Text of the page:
Loss of libido can be one of the most difficult symptoms of menopause to manage, often because a woman might not understand how and why she has lost the desire to be physically intimate with her partner. It is important to recognize that loss of libido during menopause is common, affecting as many as 20 - 40% of women.
Learning more about loss of libido, its various causes, and how it can be managed can not only bring peace of mind, but it's also the first step towards resolving this complex symptom of menopause.
Read on to learn more about loss of libido during menopause.
Loss of libido is a complex phenomenon with psychological, relational, physical, and hormonal dimensions as unique as the women who experience them.
The term libido has long been used to describe a person's sexual drive and their desire for sex. Loss of libido, medically termed "hypoactive sexual desire disorder," is a reduction or lack of interest and desire in sexual activity.
Loss of libido is chiefly characterized by a lack of interest or desire for sexual activity. Many women with loss of libido find that they are less in touch with their sexuality. Sexual feelings and desires come less frequently, and energy for sex drastically dwindles or disappears from a woman's life.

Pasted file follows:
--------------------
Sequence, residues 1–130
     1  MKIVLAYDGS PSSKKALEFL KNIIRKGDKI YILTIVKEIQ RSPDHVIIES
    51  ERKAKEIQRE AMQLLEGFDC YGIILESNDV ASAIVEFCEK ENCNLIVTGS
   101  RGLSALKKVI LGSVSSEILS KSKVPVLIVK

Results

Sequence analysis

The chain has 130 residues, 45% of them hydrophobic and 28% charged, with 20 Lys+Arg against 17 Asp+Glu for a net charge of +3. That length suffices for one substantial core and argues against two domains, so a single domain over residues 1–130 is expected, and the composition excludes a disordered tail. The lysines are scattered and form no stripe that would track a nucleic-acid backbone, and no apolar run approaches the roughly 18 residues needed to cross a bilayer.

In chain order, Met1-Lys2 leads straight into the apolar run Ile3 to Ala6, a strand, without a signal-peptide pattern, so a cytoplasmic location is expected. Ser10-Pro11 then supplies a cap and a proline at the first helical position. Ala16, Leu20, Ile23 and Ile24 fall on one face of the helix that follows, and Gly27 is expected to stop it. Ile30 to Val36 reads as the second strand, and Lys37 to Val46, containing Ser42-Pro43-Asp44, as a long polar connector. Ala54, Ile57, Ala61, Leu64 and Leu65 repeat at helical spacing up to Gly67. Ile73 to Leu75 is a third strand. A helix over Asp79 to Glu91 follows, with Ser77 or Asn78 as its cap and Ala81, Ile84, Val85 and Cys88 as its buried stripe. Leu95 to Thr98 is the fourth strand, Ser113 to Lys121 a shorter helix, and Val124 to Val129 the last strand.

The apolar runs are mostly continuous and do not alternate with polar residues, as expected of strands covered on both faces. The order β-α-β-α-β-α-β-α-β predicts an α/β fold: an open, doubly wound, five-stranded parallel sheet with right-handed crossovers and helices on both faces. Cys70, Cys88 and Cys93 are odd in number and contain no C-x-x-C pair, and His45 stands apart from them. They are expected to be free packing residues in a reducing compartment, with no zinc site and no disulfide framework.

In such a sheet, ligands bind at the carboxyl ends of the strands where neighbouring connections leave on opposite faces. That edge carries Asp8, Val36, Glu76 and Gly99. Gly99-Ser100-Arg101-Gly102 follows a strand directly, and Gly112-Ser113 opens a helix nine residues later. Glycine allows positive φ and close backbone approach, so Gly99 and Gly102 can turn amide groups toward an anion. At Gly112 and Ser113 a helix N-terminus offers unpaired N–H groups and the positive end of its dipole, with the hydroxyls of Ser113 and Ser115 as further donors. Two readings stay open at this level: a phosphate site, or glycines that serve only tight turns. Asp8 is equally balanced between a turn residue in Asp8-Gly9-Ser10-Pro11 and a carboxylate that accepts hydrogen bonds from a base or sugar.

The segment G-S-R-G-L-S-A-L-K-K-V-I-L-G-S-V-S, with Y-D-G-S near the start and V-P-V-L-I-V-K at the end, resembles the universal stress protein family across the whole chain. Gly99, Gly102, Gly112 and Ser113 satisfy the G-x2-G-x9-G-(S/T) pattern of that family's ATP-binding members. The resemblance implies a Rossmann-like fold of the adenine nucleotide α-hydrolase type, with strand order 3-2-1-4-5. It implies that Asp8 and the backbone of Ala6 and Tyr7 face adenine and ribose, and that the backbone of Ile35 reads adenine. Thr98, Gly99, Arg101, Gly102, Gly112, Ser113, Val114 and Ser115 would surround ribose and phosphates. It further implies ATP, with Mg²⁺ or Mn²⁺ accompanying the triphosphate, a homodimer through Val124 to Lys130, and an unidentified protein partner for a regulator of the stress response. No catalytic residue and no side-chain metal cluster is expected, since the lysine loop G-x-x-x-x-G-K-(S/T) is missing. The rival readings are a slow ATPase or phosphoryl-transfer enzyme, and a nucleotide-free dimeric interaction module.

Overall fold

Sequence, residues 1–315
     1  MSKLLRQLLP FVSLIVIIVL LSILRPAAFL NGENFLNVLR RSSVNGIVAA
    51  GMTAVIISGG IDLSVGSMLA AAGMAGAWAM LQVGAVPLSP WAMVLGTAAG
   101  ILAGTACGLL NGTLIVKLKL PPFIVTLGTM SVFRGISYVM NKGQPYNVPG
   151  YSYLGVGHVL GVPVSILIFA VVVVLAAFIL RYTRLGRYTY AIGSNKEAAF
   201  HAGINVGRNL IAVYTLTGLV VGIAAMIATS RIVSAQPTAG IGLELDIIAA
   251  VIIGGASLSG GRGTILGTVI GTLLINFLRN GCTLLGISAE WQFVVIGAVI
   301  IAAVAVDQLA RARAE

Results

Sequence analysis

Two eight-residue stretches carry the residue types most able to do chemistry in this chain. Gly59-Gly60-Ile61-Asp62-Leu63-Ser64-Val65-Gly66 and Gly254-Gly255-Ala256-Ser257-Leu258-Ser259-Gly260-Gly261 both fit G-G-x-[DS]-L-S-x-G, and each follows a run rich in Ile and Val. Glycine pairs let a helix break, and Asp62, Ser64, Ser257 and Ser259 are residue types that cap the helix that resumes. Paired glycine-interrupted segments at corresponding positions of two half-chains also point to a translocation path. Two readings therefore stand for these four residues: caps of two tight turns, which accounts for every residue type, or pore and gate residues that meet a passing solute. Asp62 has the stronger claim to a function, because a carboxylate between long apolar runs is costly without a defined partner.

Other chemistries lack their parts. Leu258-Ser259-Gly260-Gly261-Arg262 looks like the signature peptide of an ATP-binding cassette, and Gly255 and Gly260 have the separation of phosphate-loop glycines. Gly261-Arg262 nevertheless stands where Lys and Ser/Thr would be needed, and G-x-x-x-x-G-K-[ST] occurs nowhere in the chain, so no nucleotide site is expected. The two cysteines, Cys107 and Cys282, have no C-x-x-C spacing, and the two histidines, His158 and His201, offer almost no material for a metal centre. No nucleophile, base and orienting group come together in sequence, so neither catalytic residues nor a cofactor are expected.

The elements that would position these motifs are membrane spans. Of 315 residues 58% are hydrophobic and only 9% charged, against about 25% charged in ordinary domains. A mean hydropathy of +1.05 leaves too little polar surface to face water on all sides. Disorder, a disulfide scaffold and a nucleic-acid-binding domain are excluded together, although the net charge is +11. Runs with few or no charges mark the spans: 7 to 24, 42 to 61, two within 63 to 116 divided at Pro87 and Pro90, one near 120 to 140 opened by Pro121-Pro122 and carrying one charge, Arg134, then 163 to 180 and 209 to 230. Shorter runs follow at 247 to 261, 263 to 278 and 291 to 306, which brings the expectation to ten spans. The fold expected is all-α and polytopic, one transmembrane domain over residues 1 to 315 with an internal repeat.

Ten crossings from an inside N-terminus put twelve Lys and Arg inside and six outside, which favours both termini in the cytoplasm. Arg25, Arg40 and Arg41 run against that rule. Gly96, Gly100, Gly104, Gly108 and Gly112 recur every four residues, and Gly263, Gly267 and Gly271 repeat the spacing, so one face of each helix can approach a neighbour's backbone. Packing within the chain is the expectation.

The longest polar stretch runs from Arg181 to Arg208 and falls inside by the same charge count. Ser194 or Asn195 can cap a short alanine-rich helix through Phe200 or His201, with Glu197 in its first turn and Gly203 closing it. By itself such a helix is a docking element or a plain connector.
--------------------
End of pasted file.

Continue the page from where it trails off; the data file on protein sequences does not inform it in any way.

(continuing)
While loss of libido differs from the inability to become aroused or achieve orgasm, menopausal women may also experience these symptoms of sexual dysfunction. Other symptoms of menopause, such as vaginal dryness and irritation, can also be related to the symptoms of a loss of libido.
Click on the following link to learn more about loss of libido, or continue reading below to find out what can cause loss of libido during menopause in order to find a solution.
Loss of libido and vaginal dryness are a lot harder to deal with when you do not know what is going on. This article explores what changes are occurring in your body at this time, as well as the best tips to help you through.
Loss of libido is a very common symptom of menopause that can be difficult and confusing to encounter. Even if you have always had a healthy sex life, the hormonal changes can make some of the shifts unavoidable. Learn what to expect during this time, in order to be informed and eliminate unnecessary worry.